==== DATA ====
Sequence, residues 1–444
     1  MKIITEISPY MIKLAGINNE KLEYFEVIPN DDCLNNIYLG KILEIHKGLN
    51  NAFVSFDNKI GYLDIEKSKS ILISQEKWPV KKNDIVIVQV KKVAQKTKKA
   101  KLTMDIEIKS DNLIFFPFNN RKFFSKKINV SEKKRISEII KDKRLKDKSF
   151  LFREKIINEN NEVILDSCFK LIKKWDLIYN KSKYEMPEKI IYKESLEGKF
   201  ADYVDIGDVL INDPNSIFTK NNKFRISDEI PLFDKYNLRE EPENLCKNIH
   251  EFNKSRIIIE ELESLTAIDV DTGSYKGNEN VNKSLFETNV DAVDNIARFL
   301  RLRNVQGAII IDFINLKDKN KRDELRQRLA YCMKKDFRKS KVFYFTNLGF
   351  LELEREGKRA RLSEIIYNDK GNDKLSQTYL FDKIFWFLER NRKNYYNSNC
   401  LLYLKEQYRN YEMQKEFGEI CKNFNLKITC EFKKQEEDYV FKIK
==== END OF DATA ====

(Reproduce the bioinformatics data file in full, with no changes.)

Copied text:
Sequence, residues 1–444
     1  MKIITEISPY MIKLAGINNE KLEYFEVIPN DDCLNNIYLG KILEIHKGLN
    51  NAFVSFDNKI GYLDIEKSKS ILISQEKWPV KKNDIVIVQV KKVAQKTKKA
   101  KLTMDIEIKS DNLIFFPFNN RKFFSKKINV SEKKRISEII KDKRLKDKSF
   151  LFREKIINEN NEVILDSCFK LIKKWDLIYN KSKYEMPEKI IYKESLEGKF
   201  ADYVDIGDVL INDPNSIFTK NNKFRISDEI PLFDKYNLRE EPENLCKNIH
   251  EFNKSRIIIE ELESLTAIDV DTGSYKGNEN VNKSLFETNV DAVDNIARFL
   301  RLRNVQGAII IDFINLKDKN KRDELRQRLA YCMKKDFRKS KVFYFTNLGF
   351  LELEREGKRA RLSEIIYNDK GNDKLSQTYL FDKIFWFLER NRKNYYNSNC
   401  LLYLKEQYRN YEMQKEFGEI CKNFNLKITC EFKKQEEDYV FKIK